Interview with Nathan Ayersman
Author of The Dragon's Rising
Born in the flat rural terrain of the Eastern Shore of Virginia, I occupied my mind with the escapism of fantasy novels to explore the worlds created by Robert Jordan, Brian Jacques, and Christopher Paolini. Eventually, the image of a sword with a hilt in the shape of a dragon's mouth came to me and inspired me to write what would eventually become the Ancient's Armor series. The first book "The Dragon's Rising" took several years to write while also attending veterinary school, but I expect the books that follow to have a shorter delay.
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How would you describe The Dragon's Rising to a new reader?
- The Dragon's Rising is an adventure following a hero tasked with gathering together pieces of a suit of armor imbued with the power of the ancient creators of the continent. Along the way, our protagonist, Falkier meets a diverse cast of friends and foes from the different nations of Naegleria. These interactions drive the story along, creating opportunities for Falkier to grow as a person and accomplish his goals.
The novel is the beginning of a series and readers should be on the lookout for clues to the identity and location of the Dark Lord Rakar. These clues come in the form of allusions to famous works and characteristics of different characters.
How were you inspired to write The Dragon's Rising ?
- My inspirations for writing started from a love of reading, as I am sure most authors would agree. I started early with Brian Jacques' Redwall series in elementary school and continued on into Robert Jordan's Wheel of Time in middle school. It was in middle school, that I decided to try to start writing after hearing about Christopher Paolini publishing Eragon at the age of 19.
Following the end of a standardized test in seventh grade, I started doodling on the back of a sheet of paper. One of the things I drew was a sword with a hilt in the shape of a black dragon's head, and I decided to write something revolving around that. Gathering together different artifacts was a central theme I tinkered with and moved through different iterations over the years.
Which authors do you admire? How have they influenced your writing style?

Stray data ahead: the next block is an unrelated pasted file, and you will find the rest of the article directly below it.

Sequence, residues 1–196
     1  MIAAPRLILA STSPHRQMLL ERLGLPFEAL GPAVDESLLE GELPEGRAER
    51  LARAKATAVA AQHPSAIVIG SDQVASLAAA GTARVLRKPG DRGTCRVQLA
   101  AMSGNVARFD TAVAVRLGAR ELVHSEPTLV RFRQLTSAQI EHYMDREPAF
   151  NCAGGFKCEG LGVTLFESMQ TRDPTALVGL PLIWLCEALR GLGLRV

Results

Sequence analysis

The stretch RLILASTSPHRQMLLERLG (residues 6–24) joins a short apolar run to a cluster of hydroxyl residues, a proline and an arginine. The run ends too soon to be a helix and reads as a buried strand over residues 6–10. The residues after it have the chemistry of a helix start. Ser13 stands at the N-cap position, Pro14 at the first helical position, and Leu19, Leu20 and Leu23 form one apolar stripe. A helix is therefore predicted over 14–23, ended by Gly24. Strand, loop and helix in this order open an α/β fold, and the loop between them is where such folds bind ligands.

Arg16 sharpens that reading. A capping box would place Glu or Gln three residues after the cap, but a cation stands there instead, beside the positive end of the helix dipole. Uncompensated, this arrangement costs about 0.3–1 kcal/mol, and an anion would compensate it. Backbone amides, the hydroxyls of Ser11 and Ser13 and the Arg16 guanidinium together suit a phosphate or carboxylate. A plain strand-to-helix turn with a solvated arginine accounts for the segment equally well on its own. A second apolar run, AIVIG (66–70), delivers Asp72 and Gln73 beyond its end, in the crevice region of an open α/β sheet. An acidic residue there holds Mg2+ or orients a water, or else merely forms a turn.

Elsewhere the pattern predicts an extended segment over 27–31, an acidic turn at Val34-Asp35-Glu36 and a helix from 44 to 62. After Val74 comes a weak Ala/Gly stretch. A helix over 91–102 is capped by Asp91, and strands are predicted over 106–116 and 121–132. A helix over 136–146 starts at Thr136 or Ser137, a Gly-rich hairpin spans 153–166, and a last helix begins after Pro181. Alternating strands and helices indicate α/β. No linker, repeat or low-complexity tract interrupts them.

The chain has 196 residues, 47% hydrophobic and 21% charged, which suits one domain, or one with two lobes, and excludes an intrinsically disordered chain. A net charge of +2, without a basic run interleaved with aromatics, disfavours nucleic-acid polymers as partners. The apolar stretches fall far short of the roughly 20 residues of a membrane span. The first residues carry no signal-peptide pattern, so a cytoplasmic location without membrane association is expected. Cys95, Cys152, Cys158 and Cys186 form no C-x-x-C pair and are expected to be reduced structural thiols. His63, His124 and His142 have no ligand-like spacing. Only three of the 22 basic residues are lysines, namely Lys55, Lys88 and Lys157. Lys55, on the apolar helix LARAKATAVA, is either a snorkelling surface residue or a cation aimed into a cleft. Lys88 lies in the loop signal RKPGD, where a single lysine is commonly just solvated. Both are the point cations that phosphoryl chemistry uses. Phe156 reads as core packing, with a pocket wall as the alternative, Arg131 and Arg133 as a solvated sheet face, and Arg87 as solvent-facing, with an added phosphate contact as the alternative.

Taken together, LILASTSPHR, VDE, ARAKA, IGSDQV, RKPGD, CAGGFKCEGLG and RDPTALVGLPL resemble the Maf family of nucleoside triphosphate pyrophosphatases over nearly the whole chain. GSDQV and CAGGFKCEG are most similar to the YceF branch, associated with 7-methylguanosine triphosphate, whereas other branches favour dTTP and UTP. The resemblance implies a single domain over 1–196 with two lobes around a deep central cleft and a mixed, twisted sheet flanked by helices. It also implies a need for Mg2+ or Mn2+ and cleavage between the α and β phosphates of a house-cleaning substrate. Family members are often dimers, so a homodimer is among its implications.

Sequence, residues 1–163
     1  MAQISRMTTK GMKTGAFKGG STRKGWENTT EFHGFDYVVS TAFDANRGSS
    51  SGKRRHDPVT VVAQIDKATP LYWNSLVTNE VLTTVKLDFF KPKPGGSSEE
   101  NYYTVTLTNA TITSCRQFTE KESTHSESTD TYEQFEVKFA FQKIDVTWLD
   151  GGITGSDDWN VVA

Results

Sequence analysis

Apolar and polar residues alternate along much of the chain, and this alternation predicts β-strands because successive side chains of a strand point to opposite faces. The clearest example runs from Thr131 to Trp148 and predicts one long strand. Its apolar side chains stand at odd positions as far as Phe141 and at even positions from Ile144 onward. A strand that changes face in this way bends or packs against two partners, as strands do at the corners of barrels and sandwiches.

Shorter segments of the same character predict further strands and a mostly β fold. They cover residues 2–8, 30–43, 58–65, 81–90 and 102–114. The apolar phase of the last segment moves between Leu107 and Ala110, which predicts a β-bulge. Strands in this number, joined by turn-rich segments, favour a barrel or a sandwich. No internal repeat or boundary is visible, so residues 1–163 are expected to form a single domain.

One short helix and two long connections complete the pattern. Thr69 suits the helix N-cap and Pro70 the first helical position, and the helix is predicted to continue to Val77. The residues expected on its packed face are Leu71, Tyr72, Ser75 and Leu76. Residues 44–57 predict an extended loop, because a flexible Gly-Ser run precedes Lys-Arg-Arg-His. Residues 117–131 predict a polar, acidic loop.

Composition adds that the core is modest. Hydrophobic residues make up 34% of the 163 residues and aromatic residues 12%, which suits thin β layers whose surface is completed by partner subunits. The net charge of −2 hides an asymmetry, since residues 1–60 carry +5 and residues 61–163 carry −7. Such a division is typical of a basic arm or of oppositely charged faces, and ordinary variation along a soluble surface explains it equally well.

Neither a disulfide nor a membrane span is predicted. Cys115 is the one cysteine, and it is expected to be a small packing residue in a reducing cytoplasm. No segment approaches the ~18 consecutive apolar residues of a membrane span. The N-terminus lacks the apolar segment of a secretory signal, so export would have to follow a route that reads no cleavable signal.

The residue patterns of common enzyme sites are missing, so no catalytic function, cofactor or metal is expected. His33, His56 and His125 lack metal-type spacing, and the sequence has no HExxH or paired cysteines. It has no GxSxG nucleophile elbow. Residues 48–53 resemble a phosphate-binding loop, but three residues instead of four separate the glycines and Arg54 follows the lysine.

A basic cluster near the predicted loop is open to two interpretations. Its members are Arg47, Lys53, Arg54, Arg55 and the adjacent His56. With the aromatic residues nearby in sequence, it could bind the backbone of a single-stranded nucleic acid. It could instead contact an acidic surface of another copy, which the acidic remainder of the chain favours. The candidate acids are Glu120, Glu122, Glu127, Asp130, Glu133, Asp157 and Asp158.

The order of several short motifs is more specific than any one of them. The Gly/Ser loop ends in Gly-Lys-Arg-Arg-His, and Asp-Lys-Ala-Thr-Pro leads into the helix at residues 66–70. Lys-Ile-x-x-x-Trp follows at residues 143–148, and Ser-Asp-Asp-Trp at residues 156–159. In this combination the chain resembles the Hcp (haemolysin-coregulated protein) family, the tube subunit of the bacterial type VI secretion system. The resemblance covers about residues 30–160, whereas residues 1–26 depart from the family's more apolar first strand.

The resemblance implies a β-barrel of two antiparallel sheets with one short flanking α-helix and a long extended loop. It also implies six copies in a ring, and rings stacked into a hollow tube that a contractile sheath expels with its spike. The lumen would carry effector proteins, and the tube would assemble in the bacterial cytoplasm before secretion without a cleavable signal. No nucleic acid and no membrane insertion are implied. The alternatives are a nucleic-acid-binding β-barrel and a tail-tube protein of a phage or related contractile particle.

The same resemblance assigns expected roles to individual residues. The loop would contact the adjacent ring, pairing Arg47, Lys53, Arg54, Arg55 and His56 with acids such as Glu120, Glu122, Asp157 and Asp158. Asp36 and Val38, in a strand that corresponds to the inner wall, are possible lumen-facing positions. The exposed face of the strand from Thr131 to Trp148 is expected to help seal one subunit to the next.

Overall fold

- I adore the work of Brandon Sanderson and am currently anxiously awaiting the next installment of the Stormlight Archives. I am also waiting on the next installments of Brent Weeks' Lightbringer series and Sebastien de Castell's Spellslinger series. I admire these authors' unique systems of magic that they've developed and the wit they imbue their work with.
I also have been reading Michael Sullivan's Riryia series and have his Legends of the First Empire series in my queue of things to right.
Can you tell us a little about the locations in the book?
- The entire series takes place on the fictional continent of Naegleria. The continent is made of five distinct nations who have kept a tense alliance for the past hundred years following millennia of constant warring.
The primary nation focused on in The Dragon's Rising is the central nation of Grent Corine. The capital city is the location where the aforementioned treaty was signed and where the five nations' leaders meet up to discuss their relations with each other. In that nation, we spend quite a bit of time at the headquarters of a mercenary guild set up in an abandoned keep. At the mercenary guild, we meet people from the other nations, but this novel doesn't include much travel outside of Grent Corine. The in-progress sequel and novella, on the other hand, do involve plenty of travel across Naegleria.
What advice would you give to aspiring authors?
- Someone with one novel under their belt is probably not a major source of sage wisdom, but my main advice for someone would be to write the story you want to read, not the story you think others want to read. My writing is a way for me to escape to another universe, so it can really only be an enjoyable experience if it's the story that I want to be involved in. The re-writing, proofreading, and editing stages require me to read over and over, so it would be very tedious if I didn't enjoy the story I was telling.
What's your writing process?